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Not talking and hand flapping at 19 months

(11 Posts)
Nikki2ol6 Thu 20-Oct-16 08:06:24

My little boy is 19 months and still has not really said a word. If we talk to him he doesn't really understand unless we ask him for whatever is in his hand and we say thank you and he brings it. He has been crying a lot and saying de, de, de, de, de........
He's also been flapping hand hands when he's upset or wants something someone else has. Could we be looking at autism?

user1476140278 Thu 20-Oct-16 11:53:59

19 months is still quite young...though you'd hope he'd have said something, not all children do.

There's no way of anyone here telling you if you might be looking at Autism....but you obviously have concerns so the best thing would be to speak to his Health Visitor about your worries.

Does he point yet? Share toys and do some pretend play? For eg. does he ever bring you a toy to show you in the hope that you will play with him? Does he pretend to drink from a toy cup?

Have you done the Mchat test? Link below

Tomorrowillbeachicken Thu 20-Oct-16 13:58:44

Possible but I'd see the HV or GP as they can help you more than we can here.

BarbarianMum Thu 20-Oct-16 15:24:04

If you are worried about autism try the MCHAT test and then speak to your GP.

Hand flapping at 19 months is totally normal. The reason that it is associated with autism is that autistic children are less likely to grow out of it later on but even then you can find older children who flap and are not autistic - they just learn to hide it.

ElspethFlashman Thu 20-Oct-16 15:27:59

At 19 months my DS had exactly one word. It's a terrible time because a lot of kids (particularly girls) suddenly seem so much more verbal than your child and you get incredibly worried.

But the period between 19 months and 24 months can be transformative with speech, so if I were you I'd wait a bit longer. We had a sudden speech explosion around 2, which I would never have predicted. A lot was still gobbledegook, but there was plenty of good stuff in there too that was immensely reassuring.

Bubbinsmakesthree Thu 20-Oct-16 23:12:59

As a PP said I don't think a bit of hand flapping is a red flag - my 2yo DS (who seems completely neurotypical) flaps and waves his hands when he is excited. Normal behaviour at this age I think?

Lilybo7 Fri 21-Oct-16 14:42:36

Are babies supposed to be talking by 19 months ? Now I'm getting worried too! My daughter is 16 months and doesn't say anything apart from 'dada', 'mama' and incoherent baby babbles, . Should they be speaking proper words by now?

albertcampionscat Fri 21-Oct-16 21:08:51

Have a look at the 'ages and stages' questionnaire - but the short answer is don't worry. By two they usually have at least 50 words (including animal noises and made-up words - 'num-num' meaning dog.

gingerh4ir Sun 23-Oct-16 09:50:17

I have a DC with ASD and would not worry much about the hand flapping or lack of words at 19 months. but the lack of understanding would concern me. At that age, understanding is far more important than actually saying words.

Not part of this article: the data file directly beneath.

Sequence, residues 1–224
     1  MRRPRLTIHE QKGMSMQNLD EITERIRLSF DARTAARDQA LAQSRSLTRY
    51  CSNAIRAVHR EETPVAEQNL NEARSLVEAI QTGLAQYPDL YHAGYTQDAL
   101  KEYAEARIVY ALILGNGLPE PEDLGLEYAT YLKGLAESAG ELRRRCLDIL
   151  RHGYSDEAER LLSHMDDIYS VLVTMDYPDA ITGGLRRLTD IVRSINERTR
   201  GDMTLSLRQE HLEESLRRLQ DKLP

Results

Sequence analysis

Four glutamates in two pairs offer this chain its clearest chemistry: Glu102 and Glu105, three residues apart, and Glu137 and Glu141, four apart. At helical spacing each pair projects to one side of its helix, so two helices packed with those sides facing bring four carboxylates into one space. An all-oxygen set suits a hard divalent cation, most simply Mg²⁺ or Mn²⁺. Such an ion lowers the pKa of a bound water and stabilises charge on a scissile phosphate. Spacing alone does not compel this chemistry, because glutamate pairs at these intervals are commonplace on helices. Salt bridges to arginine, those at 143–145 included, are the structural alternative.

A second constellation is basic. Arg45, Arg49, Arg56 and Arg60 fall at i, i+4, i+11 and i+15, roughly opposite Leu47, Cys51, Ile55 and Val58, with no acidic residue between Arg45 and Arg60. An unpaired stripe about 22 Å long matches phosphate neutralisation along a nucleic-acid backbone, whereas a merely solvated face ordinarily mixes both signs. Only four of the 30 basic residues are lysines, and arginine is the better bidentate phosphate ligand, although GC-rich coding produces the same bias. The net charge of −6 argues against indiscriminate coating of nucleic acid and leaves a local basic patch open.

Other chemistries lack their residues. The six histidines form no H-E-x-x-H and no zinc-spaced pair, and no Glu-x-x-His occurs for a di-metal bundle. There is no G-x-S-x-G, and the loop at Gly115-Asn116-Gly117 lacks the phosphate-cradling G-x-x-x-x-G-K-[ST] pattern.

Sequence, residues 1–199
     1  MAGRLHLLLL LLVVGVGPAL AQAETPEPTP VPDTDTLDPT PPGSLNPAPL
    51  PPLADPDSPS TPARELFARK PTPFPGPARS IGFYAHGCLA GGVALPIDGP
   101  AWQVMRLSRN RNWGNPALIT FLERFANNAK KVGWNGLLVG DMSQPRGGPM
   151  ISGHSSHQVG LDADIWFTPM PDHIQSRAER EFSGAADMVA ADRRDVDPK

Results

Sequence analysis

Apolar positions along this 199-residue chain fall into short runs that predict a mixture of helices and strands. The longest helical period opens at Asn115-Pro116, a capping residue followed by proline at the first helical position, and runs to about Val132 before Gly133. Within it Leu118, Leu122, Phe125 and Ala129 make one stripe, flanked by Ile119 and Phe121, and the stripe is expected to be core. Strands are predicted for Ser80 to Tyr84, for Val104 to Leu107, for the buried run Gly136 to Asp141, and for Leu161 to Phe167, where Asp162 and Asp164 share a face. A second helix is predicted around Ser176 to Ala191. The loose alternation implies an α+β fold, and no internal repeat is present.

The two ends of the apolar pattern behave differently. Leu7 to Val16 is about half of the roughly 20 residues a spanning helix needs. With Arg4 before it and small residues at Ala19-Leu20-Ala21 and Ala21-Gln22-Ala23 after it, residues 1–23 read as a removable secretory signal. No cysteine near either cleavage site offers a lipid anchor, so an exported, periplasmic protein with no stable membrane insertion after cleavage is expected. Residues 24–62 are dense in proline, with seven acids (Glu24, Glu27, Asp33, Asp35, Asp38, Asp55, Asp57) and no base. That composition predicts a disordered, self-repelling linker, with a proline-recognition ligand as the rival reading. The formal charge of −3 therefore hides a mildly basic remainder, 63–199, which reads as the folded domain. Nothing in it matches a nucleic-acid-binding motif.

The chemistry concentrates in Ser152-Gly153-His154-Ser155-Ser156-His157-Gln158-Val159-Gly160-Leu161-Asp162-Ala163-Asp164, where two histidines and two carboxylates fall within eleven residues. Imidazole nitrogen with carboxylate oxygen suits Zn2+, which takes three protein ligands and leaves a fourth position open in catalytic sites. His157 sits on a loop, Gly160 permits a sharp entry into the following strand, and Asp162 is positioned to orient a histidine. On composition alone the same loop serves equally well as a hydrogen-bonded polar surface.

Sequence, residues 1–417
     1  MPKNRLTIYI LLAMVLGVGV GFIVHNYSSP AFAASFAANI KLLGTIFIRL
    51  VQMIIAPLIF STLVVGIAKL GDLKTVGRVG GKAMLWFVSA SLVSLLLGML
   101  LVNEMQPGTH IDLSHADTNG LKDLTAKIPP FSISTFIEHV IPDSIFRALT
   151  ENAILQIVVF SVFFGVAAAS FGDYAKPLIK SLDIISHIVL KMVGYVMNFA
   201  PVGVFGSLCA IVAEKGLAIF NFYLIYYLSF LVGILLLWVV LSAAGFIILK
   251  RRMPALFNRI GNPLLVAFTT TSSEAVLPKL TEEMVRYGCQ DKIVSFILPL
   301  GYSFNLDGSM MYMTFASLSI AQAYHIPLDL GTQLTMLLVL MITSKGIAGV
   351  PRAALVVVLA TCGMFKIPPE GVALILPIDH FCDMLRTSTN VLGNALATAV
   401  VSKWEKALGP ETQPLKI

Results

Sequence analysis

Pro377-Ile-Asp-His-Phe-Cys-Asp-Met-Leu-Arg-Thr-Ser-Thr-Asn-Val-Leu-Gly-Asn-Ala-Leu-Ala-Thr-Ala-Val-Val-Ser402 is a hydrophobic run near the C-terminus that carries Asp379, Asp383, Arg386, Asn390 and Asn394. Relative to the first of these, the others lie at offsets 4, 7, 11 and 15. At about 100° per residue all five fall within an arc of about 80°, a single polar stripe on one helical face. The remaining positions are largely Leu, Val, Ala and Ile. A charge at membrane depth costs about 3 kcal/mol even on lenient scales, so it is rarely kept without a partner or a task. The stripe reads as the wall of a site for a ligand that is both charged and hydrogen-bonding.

Agree on the M-chat and talking to GP or HV. At the very least I would want a hearing test but if m-chat flags up things, then I would push for a referral to dev paed/Salt.

ciarac2000 Sat 29-Oct-16 01:25:39

My son is 23 months, he is isn't talking yet and I'm very concerned. He is quiet in general but does babble sometimes. He says something resembling 'daddy' more just like dadada and that's all. He did say 'ball' and few other basics a few times in the past, and I know regression is a 'red flag'. I am worried sick. He doesn't really respond to his name, will tend to turn around more if I shout it though. His hearing seems fine other than that. Smiles widely as soon as he hears the first note of 'if your happy and you know it' in the car. He is very unwelcoming of strangers. He is delighted when he sees my 7 year old nephew and chases after him to play. He loves cuddles and cones straight over for comfort if he has fallen down and hurt himself. He laughs a lot and enjoys tickles. He takes me and my husband by the hand and leads us out to the kitchen, for example, if he wants more to eat. If I said for example put the book on the table, he wouldn't have a clue what I was saying. He is very attached to me and my husband and beams smiles when he comes home from work. He tolerates other family members but beyond that has very little time for anyone. He used to love being read to but now he doesn't seem to have any patience for it, he prefers to flick through books himself. He very rarely brings anything to our attention unless he needs help with something. I took him to see GP, she was nice but very young and got book out straight away to ask questions from. She said yes, would expect words by this age and that she would mention us to the health visitor, that any referrals etc are done through the health visitor at his age. I am so scared of what's ahead. Please advise

gingerh4ir Sat 29-Oct-16 08:46:47

I find it strange that Gp did not refer to you but passed the bucket to the HV. of course Gp can refer.

Anyhow, don't wait for GP to 'mention' it to HV but chade HV up on Monday to get referrals sorted. I would expect a paed referral, one for audiology (hearing test) and one to SALT (though of you check it out you may be able to self refer to SALT). Don't let the HV fob you off. If she does go back and see another GP to get a referral.

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